Red meat and cancer
by Antonio Facchiano
The recent World Health Organization (WHO) statement (october 2015 (http://www.who.int/features/qa/cancer-red-meat/en/) on the possible red-meat carcinogenicity has made sensation and raised controversy about the actual relevance of the data to which WHO refers.
But at a careful sight, for those well informed (unfortunately always the minority), this is nothing new.
Searching the biomedical literature (the one indexed on Pubmed), the first scientific work in which “red meat” and “cancer” words appear, dates back to 1972.
In 1990, 10 manuscripts were published having “red meat” and “cancer”.
Since then, the number has constantly increased every year, to a number of 31 papers published in 2000, 70 papers published in 2010, and 107 papers published in 2014, for a total of more than 1100 published studies having “red meat” and “cancer” words.
Therefore, is nothing new the fact that association between the red meat consumption and cancer development is possible.
WHO, in its recent statement, draws attention mainly on treated meat (for example smoked) and cooked with hugh temperature ways (like barbecuing).
Again, indeed, the fact that smoking treatment is potentially dangerous has been published for the first time in 1946 and then in 1953, with dozens new papers published in the following years.
So at a careful sight, the novelty lies not in what the WHO says; the novelty is not in the improved attention WHO suggests giving to diet and to the way of cooking and processing meat.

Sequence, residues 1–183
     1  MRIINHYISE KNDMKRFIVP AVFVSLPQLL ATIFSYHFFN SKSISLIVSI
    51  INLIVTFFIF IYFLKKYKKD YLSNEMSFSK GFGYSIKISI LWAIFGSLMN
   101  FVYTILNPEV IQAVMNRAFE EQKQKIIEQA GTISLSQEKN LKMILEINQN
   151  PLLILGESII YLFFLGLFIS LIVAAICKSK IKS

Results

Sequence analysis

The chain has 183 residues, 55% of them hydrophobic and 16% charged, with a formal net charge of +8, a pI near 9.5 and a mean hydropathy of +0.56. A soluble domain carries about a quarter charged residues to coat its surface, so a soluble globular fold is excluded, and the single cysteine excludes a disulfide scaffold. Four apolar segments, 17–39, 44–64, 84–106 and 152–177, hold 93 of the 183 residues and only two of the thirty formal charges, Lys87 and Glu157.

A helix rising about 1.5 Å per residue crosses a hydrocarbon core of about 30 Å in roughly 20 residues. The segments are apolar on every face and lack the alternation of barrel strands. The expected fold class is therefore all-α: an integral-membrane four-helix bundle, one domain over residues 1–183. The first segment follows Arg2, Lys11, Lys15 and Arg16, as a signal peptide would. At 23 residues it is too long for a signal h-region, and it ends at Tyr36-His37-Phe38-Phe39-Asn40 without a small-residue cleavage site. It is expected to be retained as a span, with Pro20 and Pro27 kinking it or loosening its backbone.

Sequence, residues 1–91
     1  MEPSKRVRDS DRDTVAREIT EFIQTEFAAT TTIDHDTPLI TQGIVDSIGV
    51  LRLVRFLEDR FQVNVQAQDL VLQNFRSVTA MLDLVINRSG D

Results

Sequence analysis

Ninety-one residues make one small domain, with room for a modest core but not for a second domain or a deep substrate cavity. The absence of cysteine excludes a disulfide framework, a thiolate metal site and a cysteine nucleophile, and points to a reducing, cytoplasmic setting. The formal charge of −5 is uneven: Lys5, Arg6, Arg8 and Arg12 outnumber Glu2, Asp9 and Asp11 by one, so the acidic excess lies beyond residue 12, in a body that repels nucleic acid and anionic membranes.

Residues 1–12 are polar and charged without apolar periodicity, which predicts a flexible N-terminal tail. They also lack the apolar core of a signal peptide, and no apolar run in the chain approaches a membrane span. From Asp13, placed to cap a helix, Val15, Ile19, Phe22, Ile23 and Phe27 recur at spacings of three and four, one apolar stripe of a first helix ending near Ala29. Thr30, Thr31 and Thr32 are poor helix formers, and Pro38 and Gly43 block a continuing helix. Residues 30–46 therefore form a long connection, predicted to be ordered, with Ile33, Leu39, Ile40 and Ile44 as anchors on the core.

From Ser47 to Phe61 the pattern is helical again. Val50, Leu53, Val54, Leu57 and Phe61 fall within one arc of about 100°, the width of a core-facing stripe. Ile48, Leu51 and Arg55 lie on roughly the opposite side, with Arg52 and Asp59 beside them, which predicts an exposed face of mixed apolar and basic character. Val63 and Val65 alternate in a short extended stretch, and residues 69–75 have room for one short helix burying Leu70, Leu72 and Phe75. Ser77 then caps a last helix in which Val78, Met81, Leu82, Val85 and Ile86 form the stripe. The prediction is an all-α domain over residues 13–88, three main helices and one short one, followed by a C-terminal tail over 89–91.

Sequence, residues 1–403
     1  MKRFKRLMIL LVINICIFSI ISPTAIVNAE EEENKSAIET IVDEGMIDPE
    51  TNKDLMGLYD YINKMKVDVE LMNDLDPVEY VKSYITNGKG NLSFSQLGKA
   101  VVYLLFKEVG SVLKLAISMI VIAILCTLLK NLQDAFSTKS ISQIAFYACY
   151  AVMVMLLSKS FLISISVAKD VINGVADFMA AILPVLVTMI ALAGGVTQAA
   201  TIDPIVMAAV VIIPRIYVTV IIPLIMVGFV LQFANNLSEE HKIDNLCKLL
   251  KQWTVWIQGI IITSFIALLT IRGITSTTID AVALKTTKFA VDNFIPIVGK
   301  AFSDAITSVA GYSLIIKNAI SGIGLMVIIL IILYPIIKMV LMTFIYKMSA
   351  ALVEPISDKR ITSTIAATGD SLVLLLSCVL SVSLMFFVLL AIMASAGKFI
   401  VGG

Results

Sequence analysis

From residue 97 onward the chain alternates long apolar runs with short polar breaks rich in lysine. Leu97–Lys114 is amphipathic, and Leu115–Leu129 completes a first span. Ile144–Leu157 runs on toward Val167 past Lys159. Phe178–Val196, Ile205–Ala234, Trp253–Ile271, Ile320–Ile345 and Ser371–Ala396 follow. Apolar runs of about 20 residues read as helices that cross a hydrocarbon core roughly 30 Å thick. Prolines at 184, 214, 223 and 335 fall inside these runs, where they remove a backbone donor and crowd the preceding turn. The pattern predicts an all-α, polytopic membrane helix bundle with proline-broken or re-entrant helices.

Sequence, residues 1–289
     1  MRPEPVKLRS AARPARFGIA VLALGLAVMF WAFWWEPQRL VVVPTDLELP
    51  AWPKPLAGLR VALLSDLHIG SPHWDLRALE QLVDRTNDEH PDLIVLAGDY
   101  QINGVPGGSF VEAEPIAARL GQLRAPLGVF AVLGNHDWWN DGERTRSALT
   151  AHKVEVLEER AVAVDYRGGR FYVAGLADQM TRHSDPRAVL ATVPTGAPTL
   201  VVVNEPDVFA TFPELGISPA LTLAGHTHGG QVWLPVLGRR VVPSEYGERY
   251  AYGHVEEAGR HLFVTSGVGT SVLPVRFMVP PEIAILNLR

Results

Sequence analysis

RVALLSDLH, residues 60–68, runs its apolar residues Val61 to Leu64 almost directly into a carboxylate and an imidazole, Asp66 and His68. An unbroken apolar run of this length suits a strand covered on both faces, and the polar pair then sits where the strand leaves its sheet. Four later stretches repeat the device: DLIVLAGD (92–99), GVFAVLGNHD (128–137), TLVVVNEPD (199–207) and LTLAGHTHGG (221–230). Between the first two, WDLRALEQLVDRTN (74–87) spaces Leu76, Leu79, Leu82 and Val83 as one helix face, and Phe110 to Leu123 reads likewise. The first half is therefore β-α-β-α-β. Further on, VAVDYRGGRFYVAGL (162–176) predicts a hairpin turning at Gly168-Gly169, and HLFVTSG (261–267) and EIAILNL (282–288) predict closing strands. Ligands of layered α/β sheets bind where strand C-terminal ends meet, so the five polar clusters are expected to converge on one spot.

The novelty is not about the advice to reduce the meat consumption.
Rather, the novelty lies in the courage finally WHO takes, to tell an inconvenient truth, hard to say (and to calculate) in its true proportions because the effects of a misunderstanding and the resulting panic would perhaps be worse than the disease they are trying to denounce.
Besides, a meat-free diet would be virtually impossible in the Western world; furthermore, in all emerging economies meat consumption and animal-derived products consumption (like milk and eggs) is an unequivocal index of improvement of living conditions.
A totally meat-less diet would also be dangerous for children and elderly.
So, do not panic.
WHO does not recommend eliminating meat from our tables, it suggests to significantly reduce meat-consumption, perhaps by promoting the consumption of high-quality beef and appropriate ways of cooking and handling.